sloe gin making

Friday Lush: Sloe Gin

I’ve been busy preserving, infusing and bottling lately, like a squirrel getting ready for Christmas.  This year has been a brilliant year for sloes, they have been in abundance so it seemed rude not to get out there and pick some to make sloe gin.

I went to the aptly named Blackthorn Woods, apt as sloes are the fruit of the blackthorn bush, with my mum.  What Jennifer doesn’t know about foraging for things that can be added to booze is not worth knowing. So we said ‘pah!’ to the drizzle and then ‘boo!’ to the gale force winds. We then said, ‘OK, that’s enough then’ to the horizontal rain and trudged home happy but frozen with a good haul of blue black ravenesque fruit.

There’s a belief that you should only pick sloes after the first frost; we’ve had plenty of them now, but if you’re picking early in the season this can be overcome in general by washing, de-stalking and freezing the berries before use.  I froze mine but only because I was gin-less when I picked them.  There’s conflicting views on whether or not to prick the berries before use.  The skin of mine had split a little where I’d removed the stalks and then frozen them but if the berries you use are smooth and frosty looking, without a blemish, then I’d prick them first with a darning needle to ensure you get the flavour to infuse into the gin.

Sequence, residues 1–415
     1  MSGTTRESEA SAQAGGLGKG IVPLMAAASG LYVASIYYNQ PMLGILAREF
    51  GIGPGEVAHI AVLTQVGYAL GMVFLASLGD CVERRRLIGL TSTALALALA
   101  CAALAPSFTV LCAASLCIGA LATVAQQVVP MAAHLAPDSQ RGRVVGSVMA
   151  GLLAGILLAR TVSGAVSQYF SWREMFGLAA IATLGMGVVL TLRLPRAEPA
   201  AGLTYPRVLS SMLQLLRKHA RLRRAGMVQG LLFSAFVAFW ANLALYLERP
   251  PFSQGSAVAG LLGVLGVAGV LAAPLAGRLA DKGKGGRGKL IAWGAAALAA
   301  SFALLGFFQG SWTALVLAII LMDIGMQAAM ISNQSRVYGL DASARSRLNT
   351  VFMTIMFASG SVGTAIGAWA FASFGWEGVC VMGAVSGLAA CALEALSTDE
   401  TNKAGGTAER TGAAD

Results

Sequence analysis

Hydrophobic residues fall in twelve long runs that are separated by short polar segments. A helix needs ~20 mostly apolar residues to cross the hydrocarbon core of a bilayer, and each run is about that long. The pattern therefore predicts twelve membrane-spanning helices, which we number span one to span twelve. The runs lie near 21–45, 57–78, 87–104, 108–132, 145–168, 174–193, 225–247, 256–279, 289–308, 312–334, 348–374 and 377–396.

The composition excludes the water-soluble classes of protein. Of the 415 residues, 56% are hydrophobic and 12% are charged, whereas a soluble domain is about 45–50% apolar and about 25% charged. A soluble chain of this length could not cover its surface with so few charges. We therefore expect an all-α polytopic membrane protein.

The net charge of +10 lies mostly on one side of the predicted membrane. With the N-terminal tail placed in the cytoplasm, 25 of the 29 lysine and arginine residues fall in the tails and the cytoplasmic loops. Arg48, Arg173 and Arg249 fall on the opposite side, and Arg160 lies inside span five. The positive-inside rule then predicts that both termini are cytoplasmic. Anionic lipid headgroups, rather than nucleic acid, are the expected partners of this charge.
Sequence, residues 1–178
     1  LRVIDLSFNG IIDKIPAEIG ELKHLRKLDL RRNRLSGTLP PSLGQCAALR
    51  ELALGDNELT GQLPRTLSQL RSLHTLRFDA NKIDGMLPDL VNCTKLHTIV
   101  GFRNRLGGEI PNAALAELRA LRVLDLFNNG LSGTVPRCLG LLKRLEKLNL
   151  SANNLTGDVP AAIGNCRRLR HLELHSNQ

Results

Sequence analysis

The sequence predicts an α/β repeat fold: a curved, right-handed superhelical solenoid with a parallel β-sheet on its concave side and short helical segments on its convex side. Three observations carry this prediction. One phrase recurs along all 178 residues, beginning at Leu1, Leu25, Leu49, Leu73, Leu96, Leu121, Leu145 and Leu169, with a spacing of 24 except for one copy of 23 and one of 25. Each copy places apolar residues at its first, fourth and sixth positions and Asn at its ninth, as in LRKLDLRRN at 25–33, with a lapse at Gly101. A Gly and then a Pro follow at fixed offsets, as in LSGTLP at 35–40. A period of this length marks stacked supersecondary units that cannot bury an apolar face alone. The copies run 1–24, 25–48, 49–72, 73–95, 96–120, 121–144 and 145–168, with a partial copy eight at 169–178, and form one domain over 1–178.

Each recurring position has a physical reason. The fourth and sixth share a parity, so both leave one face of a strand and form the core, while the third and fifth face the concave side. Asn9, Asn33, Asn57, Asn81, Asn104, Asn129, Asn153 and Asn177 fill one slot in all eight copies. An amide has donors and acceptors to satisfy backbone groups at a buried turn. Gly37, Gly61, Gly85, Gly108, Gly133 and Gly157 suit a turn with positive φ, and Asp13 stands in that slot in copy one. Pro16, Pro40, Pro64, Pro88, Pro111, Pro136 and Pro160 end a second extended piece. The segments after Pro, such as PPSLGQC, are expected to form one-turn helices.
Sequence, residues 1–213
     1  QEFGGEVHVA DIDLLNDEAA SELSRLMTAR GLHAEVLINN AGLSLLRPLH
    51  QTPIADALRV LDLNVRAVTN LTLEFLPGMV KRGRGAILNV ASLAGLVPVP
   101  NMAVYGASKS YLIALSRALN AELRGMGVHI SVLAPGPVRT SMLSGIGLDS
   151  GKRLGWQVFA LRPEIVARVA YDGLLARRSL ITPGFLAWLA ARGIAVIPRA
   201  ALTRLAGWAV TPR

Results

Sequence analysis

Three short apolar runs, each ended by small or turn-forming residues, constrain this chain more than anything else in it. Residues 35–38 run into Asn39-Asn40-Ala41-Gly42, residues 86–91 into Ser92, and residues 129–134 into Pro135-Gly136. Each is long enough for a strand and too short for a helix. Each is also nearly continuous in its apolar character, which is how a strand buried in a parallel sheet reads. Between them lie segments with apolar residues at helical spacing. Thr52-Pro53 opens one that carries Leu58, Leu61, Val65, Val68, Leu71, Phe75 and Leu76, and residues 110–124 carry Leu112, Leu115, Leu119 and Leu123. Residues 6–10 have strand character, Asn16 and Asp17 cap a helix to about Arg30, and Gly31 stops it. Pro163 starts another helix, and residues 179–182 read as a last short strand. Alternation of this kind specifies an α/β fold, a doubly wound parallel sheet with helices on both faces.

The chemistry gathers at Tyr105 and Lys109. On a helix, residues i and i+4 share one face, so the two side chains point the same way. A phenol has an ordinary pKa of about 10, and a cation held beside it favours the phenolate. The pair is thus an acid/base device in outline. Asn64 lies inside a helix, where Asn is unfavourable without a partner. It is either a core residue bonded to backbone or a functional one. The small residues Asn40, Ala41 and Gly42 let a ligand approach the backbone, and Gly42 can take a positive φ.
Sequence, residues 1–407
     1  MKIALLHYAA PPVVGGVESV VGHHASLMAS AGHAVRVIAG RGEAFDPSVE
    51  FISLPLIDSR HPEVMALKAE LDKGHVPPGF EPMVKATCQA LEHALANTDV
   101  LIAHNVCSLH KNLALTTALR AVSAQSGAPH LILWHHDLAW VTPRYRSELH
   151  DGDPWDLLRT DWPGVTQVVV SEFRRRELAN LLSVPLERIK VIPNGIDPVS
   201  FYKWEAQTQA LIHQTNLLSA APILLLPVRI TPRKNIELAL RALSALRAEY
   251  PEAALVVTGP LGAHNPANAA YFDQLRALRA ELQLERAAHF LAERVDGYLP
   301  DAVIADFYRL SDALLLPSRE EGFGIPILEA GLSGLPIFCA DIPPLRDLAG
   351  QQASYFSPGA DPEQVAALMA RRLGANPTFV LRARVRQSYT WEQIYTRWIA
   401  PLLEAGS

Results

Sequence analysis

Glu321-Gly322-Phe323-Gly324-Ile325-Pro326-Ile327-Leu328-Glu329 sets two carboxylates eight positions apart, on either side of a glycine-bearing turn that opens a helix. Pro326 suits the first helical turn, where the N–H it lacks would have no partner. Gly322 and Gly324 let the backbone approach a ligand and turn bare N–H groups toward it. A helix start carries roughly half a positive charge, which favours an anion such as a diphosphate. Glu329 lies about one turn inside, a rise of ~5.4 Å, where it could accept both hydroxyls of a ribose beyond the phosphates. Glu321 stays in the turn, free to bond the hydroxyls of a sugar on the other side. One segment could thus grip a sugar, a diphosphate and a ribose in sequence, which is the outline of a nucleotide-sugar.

Speaking of gin, I wouldn’t use my favourite gin to make an infusion, no that’s for sipping or drinking with tonic. For the record I’m loving Martin Miller’s and Warner Edwards at present. I used Aldi’s Oliver Cromwell gin which retails at £9.95 for 75cl and £15 for a litre.  It’s a really nice gin, it beat a number of other very well known brands recently in a blind taste test and took a silver medal at the International Spirits Challenge earlier this year.

So, the waiting game begins again.

Sloe Gin

Serves 75cl
Prep time 20 minutes
Meal type Beverage

What you will need

  • 450g sloes (washed and with any stalks removed)
  • 225g caster sugar
  • 75cl gin
  • large sterilised glass jar


Step 1 Wash and de-stalk the sloes. Prick them with a darning needle if the skin is unbroken. If using frozen sloes this is not necessary
Step 2 Add the sloes to the jar, pour in the sugar and the gin.
Step 3 Set aside in a dark place for at least two months. Give the bottle a gentle shake as and when you remember to help release the flavour into the gin and dissolve the sugar.
Step 4 Strain through muslin, I use a muslin jelly bag for this, and decant into sterilised bottles.

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